Wednesday, 17 June 2009

New MASSIVE reaction from the American and the European academia

The American and European academia reacted massively this time by sending a letter to the president of the United States of America, Barack Obama, for the Macedonian issue, supporting Greece.

Look how many professors sign the letter, it's really impressive. More information or to sign in http://macedonia-evidence.org/


The Honorable Barack Obama
President, United States of America
White House 1600 Pennsylvania Avenue,
NW Washington, DC 20500

Dear President Obama,

We, the undersigned scholars of Graeco-Roman antiquity, respectfully request that you intervene to clean up some of the historical debris left in southeast Europe by the previous U.S. administration. On November 4, 2004, two days after the re-election of President George W. Bush, his administration unilaterally recognized the "Republic of Macedonia." This action not only abrogated geographic and historic fact, but it also has unleashed a dangerous epidemic of historical revisionism, of which the most obvious symptom is the misappropriation by the government in Skopje of the most famous of Macedonians, Alexander the Great.

We believe that this silliness has gone too far, and that the U.S.A. has no business in supporting the subversion of history. Let us review facts. (The documentation for these facts can be found attached and at: http://macedonia-evidence.org/documentation.html) land in question, with its modern capital at Skopje, was called Paionia in antiquity. Mts. Barnous and Orbelos (which form today the northern limits of Greece) provide a natural barrier that separated, and separates, Macedonia from its northern neighbor. The only real connection is along the Axios/Vardar River and even this valley "does not form a line of communication because it is divided by gorges."

While it is true that the Paionians were subdued by Philip II, father of Alexander, in 358 B.C. they were not Macedonians and did not live in Macedonia. Likewise, for example, the Egyptians, who were subdued by Alexander, may have been ruled by Macedonians, including the famous Cleopatra, but they were never Macedonians themselves, and Egypt was never called Macedonia. Rather, Macedonia and Macedonian Greeks have been located for at least 2,500 years just where the modern Greek province of Macedonia is. Exactly this same relationship is true for Attica and Athenian Greeks, Argos and Argive Greeks, Corinth and Corinthian Greeks, etc.

We do not understand how the modern inhabitants of ancient Paionia, who speak Slavic - a language introduced into the Balkans about a millennium after the death of Alexander - can claim him as their national hero. Alexander the Great was thoroughly and indisputably Greek. His great-great-great grandfather, Alexander I, competed in the Olympic Games where participation was limited to Greeks. Even before Alexander I, the Macedonians traced their ancestry to Argos, and many of their kings used the head of Herakles - the quintessential Greek hero - on their coins. Euripides - who died and was buried in Macedonia- wrote his play Archelaos in honor of the great-uncle of Alexander, and in Greek. While in Macedonia, Euripides also wrote the Bacchai, again in Greek. Presumably the Macedonian audience could understand what he wrote and what they heard.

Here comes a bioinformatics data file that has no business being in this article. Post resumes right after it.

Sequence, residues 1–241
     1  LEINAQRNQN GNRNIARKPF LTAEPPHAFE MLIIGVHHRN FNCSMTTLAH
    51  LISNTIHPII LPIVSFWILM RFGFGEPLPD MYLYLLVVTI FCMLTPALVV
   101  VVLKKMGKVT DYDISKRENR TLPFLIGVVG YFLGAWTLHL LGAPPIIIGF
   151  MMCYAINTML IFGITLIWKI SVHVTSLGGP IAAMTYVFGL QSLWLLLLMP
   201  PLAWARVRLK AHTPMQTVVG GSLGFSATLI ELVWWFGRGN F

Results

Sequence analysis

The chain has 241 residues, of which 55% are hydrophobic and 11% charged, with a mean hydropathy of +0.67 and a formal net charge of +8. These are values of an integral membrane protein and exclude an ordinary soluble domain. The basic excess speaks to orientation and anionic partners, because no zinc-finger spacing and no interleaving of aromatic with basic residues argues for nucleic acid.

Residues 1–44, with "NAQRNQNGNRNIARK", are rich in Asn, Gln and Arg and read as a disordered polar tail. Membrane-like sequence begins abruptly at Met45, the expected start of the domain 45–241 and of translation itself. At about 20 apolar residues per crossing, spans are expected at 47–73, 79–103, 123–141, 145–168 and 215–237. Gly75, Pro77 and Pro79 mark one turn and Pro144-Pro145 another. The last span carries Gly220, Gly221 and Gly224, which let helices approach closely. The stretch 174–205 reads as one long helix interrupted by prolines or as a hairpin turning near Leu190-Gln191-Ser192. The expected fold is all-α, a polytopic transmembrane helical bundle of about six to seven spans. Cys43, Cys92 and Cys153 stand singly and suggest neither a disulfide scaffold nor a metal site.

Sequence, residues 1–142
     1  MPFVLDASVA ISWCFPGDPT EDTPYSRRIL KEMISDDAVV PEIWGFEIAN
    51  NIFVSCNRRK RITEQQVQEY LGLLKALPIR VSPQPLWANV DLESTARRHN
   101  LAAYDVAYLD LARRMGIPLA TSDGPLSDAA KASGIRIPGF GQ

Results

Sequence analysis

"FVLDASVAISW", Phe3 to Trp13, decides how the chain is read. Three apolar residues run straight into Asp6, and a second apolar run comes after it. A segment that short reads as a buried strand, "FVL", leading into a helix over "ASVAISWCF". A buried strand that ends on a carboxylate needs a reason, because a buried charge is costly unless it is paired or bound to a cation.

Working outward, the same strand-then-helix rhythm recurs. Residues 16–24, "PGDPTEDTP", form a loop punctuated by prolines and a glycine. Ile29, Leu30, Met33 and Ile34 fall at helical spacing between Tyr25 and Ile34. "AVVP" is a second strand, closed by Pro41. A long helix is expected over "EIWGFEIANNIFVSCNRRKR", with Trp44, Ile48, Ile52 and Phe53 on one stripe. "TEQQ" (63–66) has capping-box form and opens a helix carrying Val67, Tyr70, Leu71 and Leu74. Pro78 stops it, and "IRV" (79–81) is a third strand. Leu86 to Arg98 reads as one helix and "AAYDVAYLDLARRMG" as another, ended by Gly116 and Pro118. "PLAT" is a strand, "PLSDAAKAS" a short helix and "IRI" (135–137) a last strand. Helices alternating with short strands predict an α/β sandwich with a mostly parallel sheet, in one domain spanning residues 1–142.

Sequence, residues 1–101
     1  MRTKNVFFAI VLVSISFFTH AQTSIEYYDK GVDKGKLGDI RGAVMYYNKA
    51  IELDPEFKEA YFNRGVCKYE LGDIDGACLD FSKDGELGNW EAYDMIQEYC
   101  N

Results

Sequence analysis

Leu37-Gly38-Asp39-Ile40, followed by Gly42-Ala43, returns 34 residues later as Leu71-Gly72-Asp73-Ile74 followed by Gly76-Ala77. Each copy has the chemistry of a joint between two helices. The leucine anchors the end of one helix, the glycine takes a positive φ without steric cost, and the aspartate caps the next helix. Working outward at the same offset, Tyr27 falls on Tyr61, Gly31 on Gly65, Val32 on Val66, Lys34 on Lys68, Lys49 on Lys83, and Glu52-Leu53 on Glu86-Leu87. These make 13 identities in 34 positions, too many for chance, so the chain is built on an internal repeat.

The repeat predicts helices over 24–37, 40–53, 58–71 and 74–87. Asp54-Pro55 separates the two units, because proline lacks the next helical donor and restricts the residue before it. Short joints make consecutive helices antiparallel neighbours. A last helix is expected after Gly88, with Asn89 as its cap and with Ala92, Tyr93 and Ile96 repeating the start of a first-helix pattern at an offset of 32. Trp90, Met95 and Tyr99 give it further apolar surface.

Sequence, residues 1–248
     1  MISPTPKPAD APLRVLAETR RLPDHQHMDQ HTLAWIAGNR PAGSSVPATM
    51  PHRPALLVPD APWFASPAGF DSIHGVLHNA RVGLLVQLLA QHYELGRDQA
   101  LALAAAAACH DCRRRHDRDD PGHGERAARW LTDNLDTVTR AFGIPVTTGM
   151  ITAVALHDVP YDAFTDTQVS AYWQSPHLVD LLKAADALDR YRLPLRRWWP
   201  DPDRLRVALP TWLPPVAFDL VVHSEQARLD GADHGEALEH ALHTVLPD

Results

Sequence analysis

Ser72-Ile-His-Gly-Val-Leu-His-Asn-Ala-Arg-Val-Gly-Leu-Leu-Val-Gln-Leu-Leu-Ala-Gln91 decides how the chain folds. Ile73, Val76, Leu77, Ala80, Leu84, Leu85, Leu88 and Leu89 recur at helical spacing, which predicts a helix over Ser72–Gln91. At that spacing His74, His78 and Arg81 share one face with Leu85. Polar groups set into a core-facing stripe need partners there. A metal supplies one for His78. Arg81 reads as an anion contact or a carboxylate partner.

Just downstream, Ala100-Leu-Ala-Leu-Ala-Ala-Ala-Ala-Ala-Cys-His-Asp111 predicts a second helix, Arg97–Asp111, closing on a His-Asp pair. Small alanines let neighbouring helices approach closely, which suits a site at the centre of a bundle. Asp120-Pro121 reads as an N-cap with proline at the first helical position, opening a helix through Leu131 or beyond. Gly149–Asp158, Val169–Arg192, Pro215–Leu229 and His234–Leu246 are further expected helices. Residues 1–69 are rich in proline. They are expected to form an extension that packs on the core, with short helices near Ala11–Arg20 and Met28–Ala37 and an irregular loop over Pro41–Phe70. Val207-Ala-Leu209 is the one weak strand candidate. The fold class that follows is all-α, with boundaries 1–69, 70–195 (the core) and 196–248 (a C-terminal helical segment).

Alexander's father, Philip, won several equestrian victories at Olympia and Delphi, the two most Hellenic of all the sanctuaries in ancient Greece where non-Greeks were not allowed to compete. Even more significantly, Philip was appointed to conduct the Pythian Games at Delphi in 346 B.C. In other words, Alexander the Great's father and his ancestors were thoroughly Greek. Greek was the language used by Demosthenes and his delegation from Athens when they paid visits to Philip, also in 346 B.C. Another northern Greek, Aristotle, went off to study for nearly 20 years in the Academy of Plato. Aristotle subsequently returned to Macedonia and became the tutor of Alexander III. They used Greek in their classroom which can still be seen near Naoussa in Macedonia. Alexander carried with him throughout his conquests Aristotle's edition of Homer's Iliad.

Alexander also spread Greek language and culture throughout his empire, founding cities and establishing centers of learning. Hence inscriptions concerning such typical Greek institutions as the gymnasium are found as far away as Afghanistan. They are all written in Greek. The questions follow: Why was Greek the lingua franca all over Alexander's empire if he was a "Macedonian"? Why was the New Testament, for example, written in Greek?